MELISSA KRENEK
Entertainment Editor

Nov. 19, 2010, was filled with pink wigs, tight pants and multi-colored lipstick, all in preparation for the new Queen Bee of hip-hop’s debut album.

Nicki Minaj was on top of the world when “Pink Friday” was released; even veterans like Lil Kim couldn’t bring her down.

Fast forward to 2012, and Minaj is ready to release “Pink Friday: Roman Reloaded,” a remix to the original with less hype and even less talent. Any listeners that were into her since her “itty bitty piggy” days will surely want to destroy her alter ego by the end of the album.

“Pink Friday: Roman Reloaded” focuses on Minaj’s most popular alter ego, Roman Zolanski (dangerously close to Roman Polanski). Roman is her more vicious side, as opposed to her normal self, or her more feminine side, Barbie. The album starts with “Roman Holiday,” a sad excuse for a song starting with Roman’s mother, another alter ego of Minaj’s, preaching to her son about his need for a “Roman Holiday.”

“I Am Your Leader,” is the next song worth mentioning, a centerpiece to many afternoon jam sessions on both Hot 97 and Power 105.1. It holds the same out of this world type of sound as the other songs on the album, but for some reason it has more intensity behind it. This could be because Minaj’s verses actually have some substance, but most likely because it features some big players like Rick Ross and Cam’ron.

The next song, “Beez in the Trap,” is a song listeners will love to hate. It features newcomer Two Chainz, formally known as “Tity boi,” who is the least talented artist featured on the album, and in the industry in general. The best part of the song is the beat, a common pattern with most songs on the album, though trying to figure out the meaning behind “Beez in the Trap,” is an adventure in itself.

“Roman Reloaded” brings back the old Minaj, reminiscent of “I Get Crazy,” complete with Lil Wayne by her side. The chorus is accompanied by sounds of bullets, and Minaj yelling “bang bang,” which like “Beez in the Trap,” is guaranteed to be stuck in your head.

“Champion” is more of a nostalgic track, talking about the ghetto and the importance of getting out. It features YMCMB label mate Drake, whose only real addition to the song is paying homage to Jay-Z and Jermaine Dupri’s “Money Ain’t a Thang.” Young Jeezy follows him, talking about all the money he has, but both rappers are out shined by the third featured artist: Nas. He starts his verse off strong, with “I saw my first two million dollars, I was 23/ I’m barely a man, yet, I had some killers under me.” The rest of it is basic enough, but still wows listeners more than Jeezy could ever do.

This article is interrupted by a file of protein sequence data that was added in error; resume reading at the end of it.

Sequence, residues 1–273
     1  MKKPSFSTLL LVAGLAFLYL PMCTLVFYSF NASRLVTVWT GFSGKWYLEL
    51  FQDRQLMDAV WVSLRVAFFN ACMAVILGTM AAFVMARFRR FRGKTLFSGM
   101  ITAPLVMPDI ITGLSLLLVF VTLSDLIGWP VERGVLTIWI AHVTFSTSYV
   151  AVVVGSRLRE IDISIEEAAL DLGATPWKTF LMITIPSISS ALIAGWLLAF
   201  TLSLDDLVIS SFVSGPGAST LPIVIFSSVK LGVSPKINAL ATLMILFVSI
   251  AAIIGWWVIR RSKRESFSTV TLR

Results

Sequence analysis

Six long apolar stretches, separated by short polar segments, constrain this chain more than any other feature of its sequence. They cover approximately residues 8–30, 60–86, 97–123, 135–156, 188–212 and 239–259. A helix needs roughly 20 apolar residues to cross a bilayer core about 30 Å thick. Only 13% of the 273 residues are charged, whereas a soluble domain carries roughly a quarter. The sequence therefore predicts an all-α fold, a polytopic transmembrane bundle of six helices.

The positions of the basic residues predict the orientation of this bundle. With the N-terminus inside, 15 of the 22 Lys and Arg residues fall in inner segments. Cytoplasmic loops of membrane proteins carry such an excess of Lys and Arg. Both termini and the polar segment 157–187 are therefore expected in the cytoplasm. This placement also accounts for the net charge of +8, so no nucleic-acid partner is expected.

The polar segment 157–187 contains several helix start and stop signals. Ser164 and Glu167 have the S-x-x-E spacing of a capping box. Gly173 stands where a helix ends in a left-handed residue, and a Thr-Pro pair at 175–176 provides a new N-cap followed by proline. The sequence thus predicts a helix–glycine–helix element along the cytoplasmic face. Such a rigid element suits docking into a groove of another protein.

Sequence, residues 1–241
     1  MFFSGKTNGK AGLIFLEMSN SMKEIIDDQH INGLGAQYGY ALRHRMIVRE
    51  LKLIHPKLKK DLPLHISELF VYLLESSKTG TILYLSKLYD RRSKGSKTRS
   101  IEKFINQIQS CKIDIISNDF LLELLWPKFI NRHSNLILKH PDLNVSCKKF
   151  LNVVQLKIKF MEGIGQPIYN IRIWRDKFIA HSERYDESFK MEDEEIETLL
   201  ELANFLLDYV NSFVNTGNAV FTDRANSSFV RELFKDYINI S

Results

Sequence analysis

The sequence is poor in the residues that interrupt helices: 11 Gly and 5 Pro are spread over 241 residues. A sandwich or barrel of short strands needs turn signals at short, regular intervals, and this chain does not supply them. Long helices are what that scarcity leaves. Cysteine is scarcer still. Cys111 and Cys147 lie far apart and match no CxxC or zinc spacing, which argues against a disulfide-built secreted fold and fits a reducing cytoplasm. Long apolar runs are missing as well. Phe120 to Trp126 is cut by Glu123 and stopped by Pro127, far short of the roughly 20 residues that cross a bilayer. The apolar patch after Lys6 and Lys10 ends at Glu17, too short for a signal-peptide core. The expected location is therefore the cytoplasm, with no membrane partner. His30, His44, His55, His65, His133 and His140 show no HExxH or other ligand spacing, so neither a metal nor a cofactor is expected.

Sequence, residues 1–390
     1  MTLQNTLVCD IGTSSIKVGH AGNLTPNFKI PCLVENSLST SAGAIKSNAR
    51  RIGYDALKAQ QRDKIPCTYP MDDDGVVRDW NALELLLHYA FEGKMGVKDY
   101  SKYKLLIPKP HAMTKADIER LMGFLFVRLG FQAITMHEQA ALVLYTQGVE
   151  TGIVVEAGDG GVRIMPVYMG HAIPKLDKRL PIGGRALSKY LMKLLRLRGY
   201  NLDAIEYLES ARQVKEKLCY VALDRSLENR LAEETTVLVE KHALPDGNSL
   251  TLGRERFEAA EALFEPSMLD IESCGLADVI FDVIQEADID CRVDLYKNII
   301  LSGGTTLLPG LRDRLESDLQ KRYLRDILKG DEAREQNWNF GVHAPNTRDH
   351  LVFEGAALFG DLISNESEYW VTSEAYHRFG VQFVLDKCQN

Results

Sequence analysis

This song is followed by an R&B track, featuring the prince of R&B, Chris Brown. “Right By My Side” is a strong duet between Minaj and Brown, catchy from the start with Minaj singing, “It all comes down to this/I miss your morning kiss.” Brown makes the track, as he does with most collaboration tracks he has had this year, his verse nostalgic to a relationship we can all recognize.

Minaj surprised listeners all over the world with her Jersey Shore-Katy Perry hybrid “Starships,” a summer track reminiscent of “California Girls” if there was a house remix. Minaj continues with her techno revelation in “Pound the Alarm,” “Whip It,” and “Automatic,” the latter being the most passable for enjoyable dance music.

The rest of the songs on the album follow suit, until the last track, “Stupid Hoe,” a prime example of music with absolutely no substance. The beat, again, is crazy, but the lyrical content is virtually non-existent.

The deluxe edition of the album features her mega hit, “Turn Me On,” featuring dance guru David Guetta, a song taking over both the airways and clubs around the world.
The album, music wise, is perfection, thanks to producers like Hit Boy and RedOne (most famous for working with Lady Gaga).

The tracks that were collaborations never fell short of being both catchy and street friendly, thanks to Cam’ron, Nas and Drake.

Unfortunately, like many other rap albums we have seen, the actual star of the show is the least impressive. In fact, the songs that were just Minaj herself, mostly the dance tracks, were nothing memorable.

In the days of “Beam Me Up Scotty,” Minaj was the only actor on stage, and delivered every time. She didn’t need the fancy wigs, crazy alter egos, or flashy names behind her.

“Pink Friday: Roman Reloaded” was an overall disappointment, and leaves the door wide open for Lil Kim to take her title back, if she ever gets around to it.

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